Citizen Media: Helpful or Invasive?

According to EDUCAUSE, a not-for-profit organization dedicated to the proliferation of information technology, citizen media (or citizen journalism) is defined as the “wide range of activities in which everyday people contribute information or commentary about news events.” Because citizen media is comprised of commentary from average people, many argue that this form of guerilla journalism is biased, inaccurate and often a gateway to slander both people and events. Others, such as myself, believe that this form of broadcasting drives the success behind social networking by utilizing the freedom of speech.

Social networking falls under the umbrella of citizen media, and social networking is absolutely helpful. Mark Zuckerburg, CEO and founder of Facebook, has said that social networking allows “the world to be more open and connected . . . by giving people the power to share whatever they want and be connected to whoever they want, no matter where they are.” People can share ideas, information and gossip in a matter of seconds with today’s high-speed internet and portable devices. When you tweet your friend about whom you just saw waiting in line at Starbucks, or when you post a blurb on your Facebook page about the spectacular night you can’t remember you had last night, you are not only social networking, but, like it or not, you are performing an act of citizen journalism. Though the information you have posted may not be profound enough to end up on the front page of The New York Times, you are putting your thoughts and opinions of a first-hand experience out there for any of your friends and followers to access at any moment of the day. You are staying connected and keeping your friends informed with “news” that pertains to your life. If it pertains to their lives as well, they will keep tuning in.

A blog, tweet or post from a guerilla journalist are exactly the same thing: an opinion or series of thoughts recounting first-hand experiences. The journalist keeps followers and subscribers informed of his or her opinions regarding specific events. Just because the journalist’s commentary is on a subject that may affect more people than would your tweet about the vending machine being out of Reese’s Pieces, he or she still has the right, at least in this country, to publicly communicate his or her interpretation of an event, even if it does contain some distasteful rhetoric, which citizen journalism is often blamed for possessing.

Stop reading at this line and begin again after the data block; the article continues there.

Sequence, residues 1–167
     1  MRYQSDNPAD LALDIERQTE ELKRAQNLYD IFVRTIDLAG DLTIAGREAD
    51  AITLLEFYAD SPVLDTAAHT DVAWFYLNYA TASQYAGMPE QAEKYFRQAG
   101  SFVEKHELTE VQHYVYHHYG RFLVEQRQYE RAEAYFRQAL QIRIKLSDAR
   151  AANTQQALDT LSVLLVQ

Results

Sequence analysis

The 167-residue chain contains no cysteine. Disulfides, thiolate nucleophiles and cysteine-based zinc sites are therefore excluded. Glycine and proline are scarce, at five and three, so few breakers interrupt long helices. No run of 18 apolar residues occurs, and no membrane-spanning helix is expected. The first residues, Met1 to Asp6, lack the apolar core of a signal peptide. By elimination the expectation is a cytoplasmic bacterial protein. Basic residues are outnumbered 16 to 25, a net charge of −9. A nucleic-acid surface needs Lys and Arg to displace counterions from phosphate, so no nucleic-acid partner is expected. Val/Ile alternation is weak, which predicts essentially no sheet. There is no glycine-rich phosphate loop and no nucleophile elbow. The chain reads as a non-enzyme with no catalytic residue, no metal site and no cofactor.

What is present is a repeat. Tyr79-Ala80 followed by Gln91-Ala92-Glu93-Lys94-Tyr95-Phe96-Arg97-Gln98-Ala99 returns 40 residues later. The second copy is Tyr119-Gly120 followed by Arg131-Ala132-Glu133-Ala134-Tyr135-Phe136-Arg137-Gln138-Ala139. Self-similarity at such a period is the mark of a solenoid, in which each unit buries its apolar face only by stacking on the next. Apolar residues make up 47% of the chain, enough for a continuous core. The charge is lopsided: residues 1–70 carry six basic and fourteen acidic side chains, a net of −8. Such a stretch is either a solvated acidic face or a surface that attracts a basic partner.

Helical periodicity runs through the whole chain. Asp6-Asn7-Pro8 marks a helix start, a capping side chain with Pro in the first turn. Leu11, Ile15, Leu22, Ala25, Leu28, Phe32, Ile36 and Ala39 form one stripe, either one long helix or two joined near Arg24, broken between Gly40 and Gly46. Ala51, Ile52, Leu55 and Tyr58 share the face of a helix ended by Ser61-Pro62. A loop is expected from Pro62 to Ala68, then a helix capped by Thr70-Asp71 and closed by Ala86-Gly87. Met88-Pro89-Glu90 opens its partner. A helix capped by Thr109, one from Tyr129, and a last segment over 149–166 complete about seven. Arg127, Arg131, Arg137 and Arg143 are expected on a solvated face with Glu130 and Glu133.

Without our ability to speak our minds freely, we would be in no better situation in regards to media censorship than countries like China or Syria that banned social networking sites. Guerilla journalists are exercising their rights to free speech by utilizing digital platforms in order to keep us connected on both a local and global scale with their interpretations of events. Corinne Barnes of the Caribbean Quarterly argues: “Untrained writers may not understand concepts such as off-the-record material, attribution, balance, fairness and objectivity.

They write from their own experiences, their own lives, rather than seeing themselves as conduits of information in the public interest.”Though this may be true at times, it is up to us as potential consumers of their products to decide whether or not their material has value to us individually. I would argue that citizen media is proliferating as a result of the demand from consumers for more varied content and that they are obviously finding it useful or else it would not be so widely and frequently viewed.

Furthermore, if citizen journalism were invasive and not helpful, then why are mainstream media networks such as CNN, NBC and ABC not only reaching out to average citizens for media contributions but creating community-based platforms on their websites to headline citizen journalism? CNN has created iReport,
ABC has created i-Caught and NBC, just last week, has “[aimed] to take a lead role in the realm of user-generated content, and therefore in modern newsgathering” by acquisitioning the recent tech startup Stringwire, a purely citizen-based platform.

Mainstream media has finally realized that it no longer needs to spend money to send news anchors to the trenches in Syria or to the streets of Cairo to get the best shots. The citizens of the world happily do it for free.

Think of some of the recent events that have shocked and changed the world in the past few years: the hanging of Saddam Hussein, Mitt Romney’s 40 percent remark, the recent San Francisco plane crash and the meteorite that exploded over Urals in Russia. All were documented by citizen journalists, and that’s only naming a few. Every day, guerilla journalists who are critical of events capture and contribute some of the most profound news. Without the social networking platforms to share their journalism, or without the freedom to do so, these events would never be submitted, and they would never be seen by anyone who did not witness them first-hand. So next time you are watching the news on TV and see a video captured by a citizen, ask yourself, “Is this helpful or invasive?


Mark Leszczynski,
Senior English Major. 

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